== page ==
With additional store closures, retail properties continue to be challenged, yet present opportunities for creative construction redevelopment. A wide range of alternatives may be attractive, ranging from rebranding to provide a shopping “experience” through repurposing for dining, experiential retail, or even mixed-use civic spaces and hospitals. Adaptive reuse has even been able to convert vacant retail spaces to unconventional tenants, such as vertical indoor farmers and microbreweries.
Take Away 4: Due Diligence is a Critical Investment
Quality due diligence can go a long way toward mitigating risks. It can be difficult to find the right consultants who understand your risk tolerance, time line and long-term objectives. Between stringent environmental regulations, a more meticulous overall approach by cautious lenders, and development on more and more complex sites, environmental, engineering and construction due diligence is an indispensable component of financially profitable commercial real estate development. There is also a surprising number of outdated or obsolete Phase I environmental site assessment reports still in use to quickly satisfy lenders. A knowledgeable due diligence professional can help identify pre-existing structural or environmental issues upfront, and provide cost-effective ways of eliminating problems that only get worse over time. For large cities and urban areas, this can include understanding the historical and geological uniqueness that can pose physical and environmental challenges for construction. Mitigating the complexities and risks of construction development requires planning for additional tiers of due diligence, remediation, zoning and surveying of neighboring properties. Some lenders and developers often see these services as a hassle, only to get mired in significant delays and unnecessary added costs down the line.
Take Away 5: Revisions to High-Volatility Commercial Real Estate Regulations (HVCRE)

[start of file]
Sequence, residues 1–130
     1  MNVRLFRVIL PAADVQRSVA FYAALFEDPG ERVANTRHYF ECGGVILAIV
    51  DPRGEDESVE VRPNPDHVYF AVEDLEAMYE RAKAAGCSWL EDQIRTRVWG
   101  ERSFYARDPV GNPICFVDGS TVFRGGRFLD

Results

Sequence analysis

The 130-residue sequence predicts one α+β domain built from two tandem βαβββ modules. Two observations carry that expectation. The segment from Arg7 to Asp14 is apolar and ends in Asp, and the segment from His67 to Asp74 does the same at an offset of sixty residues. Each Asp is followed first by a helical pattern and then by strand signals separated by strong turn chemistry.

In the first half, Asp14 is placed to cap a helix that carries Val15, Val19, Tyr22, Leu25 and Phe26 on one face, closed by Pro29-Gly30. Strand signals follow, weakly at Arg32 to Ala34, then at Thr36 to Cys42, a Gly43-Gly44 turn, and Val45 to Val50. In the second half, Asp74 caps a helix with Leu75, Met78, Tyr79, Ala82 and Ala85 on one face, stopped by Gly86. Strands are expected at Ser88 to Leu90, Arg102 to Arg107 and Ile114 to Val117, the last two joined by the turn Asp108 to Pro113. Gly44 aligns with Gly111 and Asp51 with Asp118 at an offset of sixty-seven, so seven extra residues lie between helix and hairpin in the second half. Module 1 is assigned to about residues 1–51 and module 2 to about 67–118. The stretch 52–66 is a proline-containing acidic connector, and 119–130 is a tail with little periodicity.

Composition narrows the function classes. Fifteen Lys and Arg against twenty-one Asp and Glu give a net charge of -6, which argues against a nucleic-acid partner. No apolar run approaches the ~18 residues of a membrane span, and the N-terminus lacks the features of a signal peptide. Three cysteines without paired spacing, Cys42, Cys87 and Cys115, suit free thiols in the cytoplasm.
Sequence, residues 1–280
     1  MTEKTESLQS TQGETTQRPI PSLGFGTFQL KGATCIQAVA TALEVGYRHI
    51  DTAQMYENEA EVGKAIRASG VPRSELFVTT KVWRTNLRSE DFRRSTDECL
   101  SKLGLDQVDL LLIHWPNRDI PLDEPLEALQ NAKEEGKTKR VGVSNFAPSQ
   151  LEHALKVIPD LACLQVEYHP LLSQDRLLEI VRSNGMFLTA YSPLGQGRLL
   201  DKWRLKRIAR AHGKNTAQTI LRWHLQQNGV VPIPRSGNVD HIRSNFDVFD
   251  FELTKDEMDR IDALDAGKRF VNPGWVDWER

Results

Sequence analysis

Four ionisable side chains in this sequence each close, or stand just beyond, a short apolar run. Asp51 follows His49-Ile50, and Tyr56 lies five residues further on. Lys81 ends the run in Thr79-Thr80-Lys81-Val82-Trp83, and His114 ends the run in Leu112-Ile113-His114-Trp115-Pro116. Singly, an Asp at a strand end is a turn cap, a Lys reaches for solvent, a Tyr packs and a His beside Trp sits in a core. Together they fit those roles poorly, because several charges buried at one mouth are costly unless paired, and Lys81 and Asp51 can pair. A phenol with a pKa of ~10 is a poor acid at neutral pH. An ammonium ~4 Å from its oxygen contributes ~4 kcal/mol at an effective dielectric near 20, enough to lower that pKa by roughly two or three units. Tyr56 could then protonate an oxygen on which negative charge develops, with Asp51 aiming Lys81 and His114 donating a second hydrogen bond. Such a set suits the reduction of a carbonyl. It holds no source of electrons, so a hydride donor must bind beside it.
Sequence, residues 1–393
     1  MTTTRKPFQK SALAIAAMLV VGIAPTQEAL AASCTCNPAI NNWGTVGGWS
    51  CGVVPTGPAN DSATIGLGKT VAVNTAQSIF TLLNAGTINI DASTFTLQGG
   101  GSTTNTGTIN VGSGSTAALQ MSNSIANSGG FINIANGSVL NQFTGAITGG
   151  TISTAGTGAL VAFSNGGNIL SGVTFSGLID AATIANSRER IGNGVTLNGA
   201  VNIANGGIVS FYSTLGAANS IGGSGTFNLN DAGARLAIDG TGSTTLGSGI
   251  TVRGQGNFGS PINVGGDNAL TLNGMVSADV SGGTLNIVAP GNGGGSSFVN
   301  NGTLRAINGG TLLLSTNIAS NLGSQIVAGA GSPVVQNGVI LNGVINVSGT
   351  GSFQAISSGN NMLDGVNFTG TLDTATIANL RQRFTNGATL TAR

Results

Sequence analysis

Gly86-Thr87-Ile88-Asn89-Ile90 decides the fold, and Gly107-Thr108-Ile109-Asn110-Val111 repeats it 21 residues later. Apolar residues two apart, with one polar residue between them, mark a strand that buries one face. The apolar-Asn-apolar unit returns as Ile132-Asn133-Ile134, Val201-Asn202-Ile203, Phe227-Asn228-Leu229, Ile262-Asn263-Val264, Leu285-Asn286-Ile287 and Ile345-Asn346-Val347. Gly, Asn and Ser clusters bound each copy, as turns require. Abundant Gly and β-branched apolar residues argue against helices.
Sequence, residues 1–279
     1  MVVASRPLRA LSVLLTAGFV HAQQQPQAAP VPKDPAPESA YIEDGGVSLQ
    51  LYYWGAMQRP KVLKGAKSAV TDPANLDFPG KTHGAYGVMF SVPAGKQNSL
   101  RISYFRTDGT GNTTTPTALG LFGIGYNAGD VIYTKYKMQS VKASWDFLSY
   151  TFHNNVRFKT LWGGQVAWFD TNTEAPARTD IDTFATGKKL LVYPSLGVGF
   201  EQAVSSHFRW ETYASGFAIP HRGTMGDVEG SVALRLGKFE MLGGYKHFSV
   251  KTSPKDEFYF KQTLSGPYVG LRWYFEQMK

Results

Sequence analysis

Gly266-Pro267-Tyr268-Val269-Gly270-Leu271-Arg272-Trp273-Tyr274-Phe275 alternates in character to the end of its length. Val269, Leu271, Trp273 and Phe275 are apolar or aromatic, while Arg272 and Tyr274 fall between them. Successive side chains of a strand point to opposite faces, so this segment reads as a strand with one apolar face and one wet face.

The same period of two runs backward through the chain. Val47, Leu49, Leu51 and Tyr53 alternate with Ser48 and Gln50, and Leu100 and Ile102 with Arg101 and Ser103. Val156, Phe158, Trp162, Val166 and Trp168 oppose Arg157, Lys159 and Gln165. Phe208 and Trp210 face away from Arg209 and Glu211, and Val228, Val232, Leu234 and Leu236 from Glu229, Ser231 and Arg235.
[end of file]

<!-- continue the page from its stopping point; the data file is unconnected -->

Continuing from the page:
As a part of post-recession lending caution, regulations requiring capital for High-Volatility Commercial Real Estate (HVCRE) reduced risks of potential losses from failed construction loans, but also created confusion, reduced the ability of traditional banks to compete against alternative lenders, and made it difficult to finance expansion of existing businesses. A 2017 revised HVCRE regulation attempts to clarify and correct some of the aforementioned pitfalls, and has the vocal support of the Mortgage Bankers Association (MBA). At this point, it’s only been approved by the House, but some form of it is expected to pass based on broad legislative and executive agendas to reduce regulation.
These key insights from this year’s local CLRM roundtables reflect a more competitive construction landscape, especially in anticipation of a possible industry downturn in loan volume. Many lenders, however, are still bullish about the overall flow of money in the marketplace and opportunities for good deals and even large transactions. Looking ahead to 2018, a national CLRM roundtable will address navigating the nuances of a slower development cycle, more stringent legal and environmental due diligence processes, facilitating smoother development and construction timetables, and strengthening value for lenders and avoid critical mistakes and slowdowns.